Agency to teach parents of Cleveland school kids the Urban Farm Diet
CLEVELAND, Ohio -- A series of classes to teach parents of Cleveland public school students how to prepare healthy and affordable meals will begin next month on the city's East Side.
Parents will learn the "Urban Farm Diet" in a four-session class that will include tips on how to purchase fresh products on a low budget and urban gardening.
The education program is aimed to give residents alternatives to fast-food restaurants and snacks readily available from corner stores that contribute to chronic diseases such as obesity, hypertension and diabetes.
The classes, part of the school district's Parent University, will be at the CornUcopia Place Kitchen beginning Thursday, April 18. There are still openings. The free classes will provide parents with skills to support student learning and achievement. The program also is designed to help adults navigate the education system and help them connect with families of other students, the school district said on its website.
The education programs are aimed to give residents alternatives to fast-food restaurants and snacks from corner stores that contribute to chronic diseases in the neighborhood such as obesity, hypertension, diabetes and other ailments.
The kitchen is a part of Burten, Bell, Carr Development Corp.'s fresh food production center that opened in Cleveland's Ward 5 last fall. The group has a five-year, $759,000 federal grant to improve people's access to fresh and healthy foods.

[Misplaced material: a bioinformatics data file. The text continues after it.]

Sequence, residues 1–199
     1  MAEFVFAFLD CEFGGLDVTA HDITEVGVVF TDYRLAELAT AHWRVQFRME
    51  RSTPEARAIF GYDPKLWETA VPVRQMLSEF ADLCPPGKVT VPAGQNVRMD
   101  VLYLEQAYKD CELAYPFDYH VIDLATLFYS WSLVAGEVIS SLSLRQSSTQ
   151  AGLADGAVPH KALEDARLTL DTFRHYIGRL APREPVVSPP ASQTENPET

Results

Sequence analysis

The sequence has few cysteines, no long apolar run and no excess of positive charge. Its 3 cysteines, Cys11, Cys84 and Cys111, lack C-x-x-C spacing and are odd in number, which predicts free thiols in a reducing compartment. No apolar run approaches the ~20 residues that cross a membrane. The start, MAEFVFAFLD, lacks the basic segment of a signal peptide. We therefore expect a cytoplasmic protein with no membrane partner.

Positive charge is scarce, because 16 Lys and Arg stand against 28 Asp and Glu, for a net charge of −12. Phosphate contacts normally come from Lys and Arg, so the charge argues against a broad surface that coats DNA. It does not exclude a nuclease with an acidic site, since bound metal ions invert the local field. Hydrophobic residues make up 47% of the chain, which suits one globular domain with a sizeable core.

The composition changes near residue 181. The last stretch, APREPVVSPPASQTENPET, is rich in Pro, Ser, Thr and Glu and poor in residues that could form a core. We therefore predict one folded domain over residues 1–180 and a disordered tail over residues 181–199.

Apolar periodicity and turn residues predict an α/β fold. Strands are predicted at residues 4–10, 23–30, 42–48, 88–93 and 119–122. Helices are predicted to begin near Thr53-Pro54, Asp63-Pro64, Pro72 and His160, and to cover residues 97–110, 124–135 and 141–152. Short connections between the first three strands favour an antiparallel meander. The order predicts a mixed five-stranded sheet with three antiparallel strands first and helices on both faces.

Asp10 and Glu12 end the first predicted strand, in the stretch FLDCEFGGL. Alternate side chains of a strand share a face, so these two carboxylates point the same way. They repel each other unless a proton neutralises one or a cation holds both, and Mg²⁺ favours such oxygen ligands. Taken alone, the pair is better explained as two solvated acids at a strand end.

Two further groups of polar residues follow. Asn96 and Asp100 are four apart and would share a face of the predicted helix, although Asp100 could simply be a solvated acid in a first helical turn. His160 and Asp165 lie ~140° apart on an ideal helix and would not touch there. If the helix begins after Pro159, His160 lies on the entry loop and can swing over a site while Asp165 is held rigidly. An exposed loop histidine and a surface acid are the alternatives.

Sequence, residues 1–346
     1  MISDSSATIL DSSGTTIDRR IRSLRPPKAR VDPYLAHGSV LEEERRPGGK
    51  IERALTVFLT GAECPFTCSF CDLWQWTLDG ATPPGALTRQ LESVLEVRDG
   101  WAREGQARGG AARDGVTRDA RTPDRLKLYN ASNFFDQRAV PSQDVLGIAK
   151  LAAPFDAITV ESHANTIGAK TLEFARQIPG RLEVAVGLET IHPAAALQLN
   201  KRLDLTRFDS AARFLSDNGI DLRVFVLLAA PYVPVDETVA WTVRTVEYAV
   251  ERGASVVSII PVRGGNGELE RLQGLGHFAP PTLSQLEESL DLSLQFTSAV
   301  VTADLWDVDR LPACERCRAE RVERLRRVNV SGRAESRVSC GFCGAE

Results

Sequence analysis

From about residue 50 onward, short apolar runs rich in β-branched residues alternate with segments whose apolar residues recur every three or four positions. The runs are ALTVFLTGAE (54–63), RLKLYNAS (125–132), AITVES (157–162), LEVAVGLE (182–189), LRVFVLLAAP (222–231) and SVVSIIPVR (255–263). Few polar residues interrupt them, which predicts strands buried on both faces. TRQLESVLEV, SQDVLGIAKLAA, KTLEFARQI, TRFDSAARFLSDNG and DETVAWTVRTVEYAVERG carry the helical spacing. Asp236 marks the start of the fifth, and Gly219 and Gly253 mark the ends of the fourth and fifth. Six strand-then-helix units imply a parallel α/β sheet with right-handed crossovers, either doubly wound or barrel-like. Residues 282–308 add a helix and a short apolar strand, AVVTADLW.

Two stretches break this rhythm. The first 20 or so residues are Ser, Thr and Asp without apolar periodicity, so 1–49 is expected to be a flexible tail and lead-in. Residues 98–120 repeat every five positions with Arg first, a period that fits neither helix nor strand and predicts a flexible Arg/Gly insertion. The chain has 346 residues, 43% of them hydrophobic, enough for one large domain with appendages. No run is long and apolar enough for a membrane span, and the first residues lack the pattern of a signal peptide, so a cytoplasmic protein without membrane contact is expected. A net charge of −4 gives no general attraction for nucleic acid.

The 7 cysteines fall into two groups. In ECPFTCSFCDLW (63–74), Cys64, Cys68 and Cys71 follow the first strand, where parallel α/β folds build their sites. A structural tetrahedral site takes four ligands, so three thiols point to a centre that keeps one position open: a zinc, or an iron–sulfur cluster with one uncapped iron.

More than 200 people already have participated in about a dozen lifestyle programs at the center, said Sherita Mullins, a program manager with the agency. Classes have ranged from teaching teens how to prepare simple meals to exercise classes for senior citizens.
The facility also has the Bridgeport Cafe, a cold storage facility and a soon-to-be-in-operation food truck that will sell fresh produce to the elderly and those without transportation.
Mullins said more than 4,000 people have patronized the coffee and sandwich shop, and the numbers will go up as more people take advantage of programs there.
As part of the Urban Farm Diet program, parents will tour the Rid-All Green Partnership, an urban farm in the Kinsman neighborhood; learn the proper way to store produce; and how to look for locally grown produce. The participants also will learn how to get healthy, fresh foods cheaply -- a challenge for some residents because they live far from grocery stores that sell fresh fruits and vegetables.
Tim Tramble, executive director for Burten, Bell, Carr, said the group wants to attract more people from the surrounding area to its food programs.
"We are working on a cultural shift and that does not happen overnight," Tramble said. "The generations of today don't have the connection to the land that our great-grandmothers and great-grandfathers did. They had the essential skills of growing from the land and eating off the land."
Tramble said the food center has become a model for other community development corporations. He said representatives from Chicago, New Orleans, Detroit and other cities plan to implement similar programs.
To learn more about the Urban Farm Diet program, contact Burten, Bell and Carr Development Corp. at 216-341-1455.